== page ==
Published 8:27 am Wednesday, February 10, 2010
Franklin homeowners and business owners, still reeling from an average 17 percent increase in property valuations by the city in 2008, probably felt their blood pressure rise again last week when assessor Steven Wampler reported that real estate reassessments for the 2010 go-around seemed to be holding “steady.”
If indeed the goal of the biannual reassessment process is to assess real estate at market value, Wampler is badly missing the mark.
Wampler, of Daleville-based Wampler-Eanes Appraisal Group Ltd., would have us believe that a home in Franklin is worth 10 percent to 17 percent more today than it was four years ago.
There are very few places in America where property values have risen during that period. Franklin certainly has not been exempt from the national housing slump.
Few houses are selling, and those that do sell are fetching considerably less than their assessed values.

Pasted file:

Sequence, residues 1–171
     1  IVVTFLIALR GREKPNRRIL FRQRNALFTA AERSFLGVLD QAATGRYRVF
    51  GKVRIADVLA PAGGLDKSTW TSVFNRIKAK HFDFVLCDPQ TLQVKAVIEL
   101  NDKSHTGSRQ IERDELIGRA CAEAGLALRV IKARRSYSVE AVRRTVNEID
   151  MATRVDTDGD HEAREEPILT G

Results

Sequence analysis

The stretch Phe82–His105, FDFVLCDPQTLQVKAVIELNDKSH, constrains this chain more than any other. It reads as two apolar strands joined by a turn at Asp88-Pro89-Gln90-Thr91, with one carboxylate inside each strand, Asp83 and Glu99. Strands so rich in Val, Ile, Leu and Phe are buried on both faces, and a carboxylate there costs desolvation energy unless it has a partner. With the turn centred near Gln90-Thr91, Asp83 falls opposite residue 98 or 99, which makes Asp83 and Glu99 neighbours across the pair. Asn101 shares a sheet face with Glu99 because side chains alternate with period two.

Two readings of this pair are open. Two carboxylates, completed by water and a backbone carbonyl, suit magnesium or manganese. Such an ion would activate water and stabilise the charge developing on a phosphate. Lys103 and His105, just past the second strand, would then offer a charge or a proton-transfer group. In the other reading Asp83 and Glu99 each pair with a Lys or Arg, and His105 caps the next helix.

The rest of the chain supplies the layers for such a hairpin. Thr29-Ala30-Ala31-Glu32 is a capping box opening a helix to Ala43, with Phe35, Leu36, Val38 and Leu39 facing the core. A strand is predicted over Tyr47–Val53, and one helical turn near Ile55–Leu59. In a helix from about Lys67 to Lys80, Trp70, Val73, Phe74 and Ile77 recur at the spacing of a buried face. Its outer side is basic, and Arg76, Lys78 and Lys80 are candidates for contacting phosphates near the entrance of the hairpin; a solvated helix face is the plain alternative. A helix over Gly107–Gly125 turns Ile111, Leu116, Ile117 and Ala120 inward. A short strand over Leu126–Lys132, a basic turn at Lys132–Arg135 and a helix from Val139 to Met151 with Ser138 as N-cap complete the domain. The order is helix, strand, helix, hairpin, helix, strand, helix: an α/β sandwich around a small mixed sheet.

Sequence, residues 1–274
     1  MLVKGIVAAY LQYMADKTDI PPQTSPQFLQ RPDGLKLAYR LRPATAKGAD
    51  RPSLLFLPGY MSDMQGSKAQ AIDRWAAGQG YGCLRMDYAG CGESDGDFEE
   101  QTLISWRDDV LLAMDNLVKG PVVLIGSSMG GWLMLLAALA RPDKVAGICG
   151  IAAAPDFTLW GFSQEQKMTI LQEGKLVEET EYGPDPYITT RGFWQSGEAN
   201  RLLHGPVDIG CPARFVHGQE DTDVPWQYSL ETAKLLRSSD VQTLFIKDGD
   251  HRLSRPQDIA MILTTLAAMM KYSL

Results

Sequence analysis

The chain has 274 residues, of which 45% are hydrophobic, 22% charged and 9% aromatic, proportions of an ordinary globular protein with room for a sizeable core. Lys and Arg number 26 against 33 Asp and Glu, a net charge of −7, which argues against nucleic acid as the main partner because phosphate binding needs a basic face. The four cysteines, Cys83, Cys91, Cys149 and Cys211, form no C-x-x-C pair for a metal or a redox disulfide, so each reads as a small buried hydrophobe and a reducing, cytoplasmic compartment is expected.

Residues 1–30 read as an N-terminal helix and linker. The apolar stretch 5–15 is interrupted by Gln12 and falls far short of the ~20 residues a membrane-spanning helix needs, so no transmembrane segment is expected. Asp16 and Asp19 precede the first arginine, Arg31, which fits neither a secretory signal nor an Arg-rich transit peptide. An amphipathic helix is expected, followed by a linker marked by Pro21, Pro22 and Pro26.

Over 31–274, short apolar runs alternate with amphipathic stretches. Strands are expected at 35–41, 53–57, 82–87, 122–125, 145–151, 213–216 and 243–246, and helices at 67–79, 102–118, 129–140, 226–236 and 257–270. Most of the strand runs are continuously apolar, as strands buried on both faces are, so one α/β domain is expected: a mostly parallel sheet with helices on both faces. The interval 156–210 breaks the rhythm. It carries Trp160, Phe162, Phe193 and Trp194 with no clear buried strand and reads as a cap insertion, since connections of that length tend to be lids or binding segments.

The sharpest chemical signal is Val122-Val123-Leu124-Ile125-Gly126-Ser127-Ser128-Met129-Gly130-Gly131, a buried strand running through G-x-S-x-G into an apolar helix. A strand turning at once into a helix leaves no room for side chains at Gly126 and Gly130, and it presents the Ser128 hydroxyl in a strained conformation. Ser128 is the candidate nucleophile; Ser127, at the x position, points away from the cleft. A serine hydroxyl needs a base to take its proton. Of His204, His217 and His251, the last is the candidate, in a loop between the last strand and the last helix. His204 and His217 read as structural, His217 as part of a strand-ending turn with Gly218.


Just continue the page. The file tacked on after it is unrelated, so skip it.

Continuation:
Wampler’s assessment method, as we pointed out two years ago, ignores the length of time that homes are staying on the market. Some homeowners have given up trying to sell and have turned their homes into rentals.
Using only actual sales and ignoring the fact that many homes aren’t selling at all allows assessed values to be skewed by outliers – the rare home that sells at a high price while others around it sit vacant.
Wampler’s company analyzed about 80 real estate sales in the city between April 2008 and December 2009. Foreclosures were not considered, despite an unusually high number of those the past couple of years. Current market factors, including the upcoming closure of International Paper Co.’s Franklin mill, also were not considered. The latter is understandable, since that event did not occur during the two-year assessment window.
Still, there’s no statistical logic to support Wampler’s view of “steady” property values.
After the 2008 reassessment debacle, the City Council vowed to keep a closer eye on the reassessment process next time around. That time is now. The council should assert itself and insist that Wampler go back to the drawing board before sending out his final assessments in May.